For this, the magnet can 'overspin' or 'slip' if its load is too light, and if the pump is designed for a given load at a given speed, if that load is too light, it will reach its radial axis points too fast for the electrical cycle, causing it to become a generator from that point on until the phase from the electronics flips. This will cause "back EMF" to be generated into the coils. This kills the motor's efficiency for one, but it also means energy is being put back into the stators, which results in more heat being generated right in the stators. This repeated 'stutter' can cause cyclical failure from the heat buildup, melting the stator coils from the inside out. Considering water cooling in general, I would not seek a pump volute that provides more flow unless I knew its pressure generation were kept the same. I would look for a pump 'top' that provides the same head pressure w/ respect to back-pressure, and then any additional flow claims can be claimed as innovative. But I suspect that in this case, the greater flow may have been achieved by lowering the pressure handling characteristics, which when run on a more restrictive loop means LESS performance and the ability for the impeller to slip ahead more... resulting in a 'meltdown'.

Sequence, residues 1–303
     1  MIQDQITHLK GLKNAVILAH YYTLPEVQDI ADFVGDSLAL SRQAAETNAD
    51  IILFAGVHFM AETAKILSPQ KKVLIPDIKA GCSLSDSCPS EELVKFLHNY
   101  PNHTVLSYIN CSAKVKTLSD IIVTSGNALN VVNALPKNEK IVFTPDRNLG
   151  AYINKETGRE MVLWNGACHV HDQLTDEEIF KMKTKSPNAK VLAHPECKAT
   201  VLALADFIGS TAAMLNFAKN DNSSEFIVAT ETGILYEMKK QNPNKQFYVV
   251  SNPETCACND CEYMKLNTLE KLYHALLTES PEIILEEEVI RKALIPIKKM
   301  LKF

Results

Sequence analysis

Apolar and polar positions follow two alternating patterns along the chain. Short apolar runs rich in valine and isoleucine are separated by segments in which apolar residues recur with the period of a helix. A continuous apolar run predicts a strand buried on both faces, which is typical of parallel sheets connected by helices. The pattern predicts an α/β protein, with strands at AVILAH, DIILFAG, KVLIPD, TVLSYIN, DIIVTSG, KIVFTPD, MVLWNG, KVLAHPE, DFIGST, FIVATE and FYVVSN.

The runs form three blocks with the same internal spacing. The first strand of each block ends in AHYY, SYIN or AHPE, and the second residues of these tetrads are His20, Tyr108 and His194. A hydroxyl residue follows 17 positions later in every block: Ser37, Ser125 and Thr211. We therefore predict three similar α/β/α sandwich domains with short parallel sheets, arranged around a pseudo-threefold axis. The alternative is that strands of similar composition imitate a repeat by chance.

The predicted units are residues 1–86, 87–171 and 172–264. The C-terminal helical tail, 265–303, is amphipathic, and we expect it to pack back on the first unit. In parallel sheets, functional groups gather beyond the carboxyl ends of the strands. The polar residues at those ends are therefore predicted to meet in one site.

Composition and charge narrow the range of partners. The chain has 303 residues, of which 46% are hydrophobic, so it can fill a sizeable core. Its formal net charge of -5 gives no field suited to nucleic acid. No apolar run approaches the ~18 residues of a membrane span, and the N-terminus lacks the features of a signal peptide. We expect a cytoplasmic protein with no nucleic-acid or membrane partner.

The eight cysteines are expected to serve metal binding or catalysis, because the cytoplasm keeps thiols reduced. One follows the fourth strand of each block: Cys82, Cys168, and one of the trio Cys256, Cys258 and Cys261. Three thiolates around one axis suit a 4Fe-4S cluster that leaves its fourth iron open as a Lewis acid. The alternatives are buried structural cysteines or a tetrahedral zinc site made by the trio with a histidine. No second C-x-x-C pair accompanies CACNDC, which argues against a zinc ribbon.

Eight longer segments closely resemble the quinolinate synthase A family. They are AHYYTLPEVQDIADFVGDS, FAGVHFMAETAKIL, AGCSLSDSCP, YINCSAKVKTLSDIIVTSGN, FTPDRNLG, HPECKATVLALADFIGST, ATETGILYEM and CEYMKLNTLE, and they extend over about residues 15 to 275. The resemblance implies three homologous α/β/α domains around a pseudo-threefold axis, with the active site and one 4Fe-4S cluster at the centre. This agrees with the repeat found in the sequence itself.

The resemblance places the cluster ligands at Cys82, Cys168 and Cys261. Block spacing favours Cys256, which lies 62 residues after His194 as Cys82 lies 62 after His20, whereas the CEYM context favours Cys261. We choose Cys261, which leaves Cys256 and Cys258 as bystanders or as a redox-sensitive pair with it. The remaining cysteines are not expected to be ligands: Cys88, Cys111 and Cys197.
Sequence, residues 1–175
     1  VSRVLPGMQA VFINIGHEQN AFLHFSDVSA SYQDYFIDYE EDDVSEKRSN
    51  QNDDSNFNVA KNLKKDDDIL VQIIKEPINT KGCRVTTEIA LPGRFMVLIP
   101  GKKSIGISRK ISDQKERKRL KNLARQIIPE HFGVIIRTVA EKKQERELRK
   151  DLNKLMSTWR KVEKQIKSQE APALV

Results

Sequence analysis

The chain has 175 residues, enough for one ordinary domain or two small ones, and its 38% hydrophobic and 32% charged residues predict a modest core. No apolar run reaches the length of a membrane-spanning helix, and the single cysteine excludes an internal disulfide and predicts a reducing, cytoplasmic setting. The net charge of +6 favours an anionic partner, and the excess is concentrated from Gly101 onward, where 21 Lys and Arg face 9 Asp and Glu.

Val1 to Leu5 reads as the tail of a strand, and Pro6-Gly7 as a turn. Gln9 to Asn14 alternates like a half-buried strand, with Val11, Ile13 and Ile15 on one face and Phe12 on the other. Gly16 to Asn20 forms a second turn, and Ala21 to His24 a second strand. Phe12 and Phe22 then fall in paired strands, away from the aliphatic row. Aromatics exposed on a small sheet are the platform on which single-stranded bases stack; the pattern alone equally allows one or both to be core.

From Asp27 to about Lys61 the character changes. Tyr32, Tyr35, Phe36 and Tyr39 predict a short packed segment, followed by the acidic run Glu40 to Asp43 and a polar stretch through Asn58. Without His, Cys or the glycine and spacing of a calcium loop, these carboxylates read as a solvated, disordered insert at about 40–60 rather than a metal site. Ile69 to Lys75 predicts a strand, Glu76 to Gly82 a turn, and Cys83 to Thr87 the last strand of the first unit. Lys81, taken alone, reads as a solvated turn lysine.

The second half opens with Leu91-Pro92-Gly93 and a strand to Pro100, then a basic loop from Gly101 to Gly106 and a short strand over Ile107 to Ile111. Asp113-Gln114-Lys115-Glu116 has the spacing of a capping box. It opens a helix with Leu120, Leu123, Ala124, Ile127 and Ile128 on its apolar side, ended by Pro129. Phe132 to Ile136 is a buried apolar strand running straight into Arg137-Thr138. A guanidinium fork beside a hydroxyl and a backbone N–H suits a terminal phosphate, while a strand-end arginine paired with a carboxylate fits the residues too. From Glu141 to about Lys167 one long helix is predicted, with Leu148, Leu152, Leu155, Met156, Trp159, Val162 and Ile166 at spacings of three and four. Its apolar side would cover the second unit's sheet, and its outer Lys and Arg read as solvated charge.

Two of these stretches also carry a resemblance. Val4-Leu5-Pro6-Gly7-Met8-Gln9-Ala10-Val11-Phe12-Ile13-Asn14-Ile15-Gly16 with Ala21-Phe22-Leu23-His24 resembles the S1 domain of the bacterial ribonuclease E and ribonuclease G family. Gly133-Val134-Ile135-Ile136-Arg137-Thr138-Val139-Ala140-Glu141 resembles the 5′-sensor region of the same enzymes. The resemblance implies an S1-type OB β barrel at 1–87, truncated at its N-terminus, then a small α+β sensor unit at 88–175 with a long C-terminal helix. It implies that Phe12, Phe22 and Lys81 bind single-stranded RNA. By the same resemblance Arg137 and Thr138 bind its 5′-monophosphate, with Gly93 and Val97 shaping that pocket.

post #33 of 80
Please let me comment on the following then to clear up some of the bad info and get you guys on the right path about motors. I dont mean to pick on anyone... for the most part, I think digidoc is really close, but some of his conclusions are just a little off:

"A magnetic drive motor spinning at full RPM without a load will not heat up the electronics that drive the stator. If anything, it'll have the opposite effect: it should run cooler since there's no load holding back anything." -Digidoc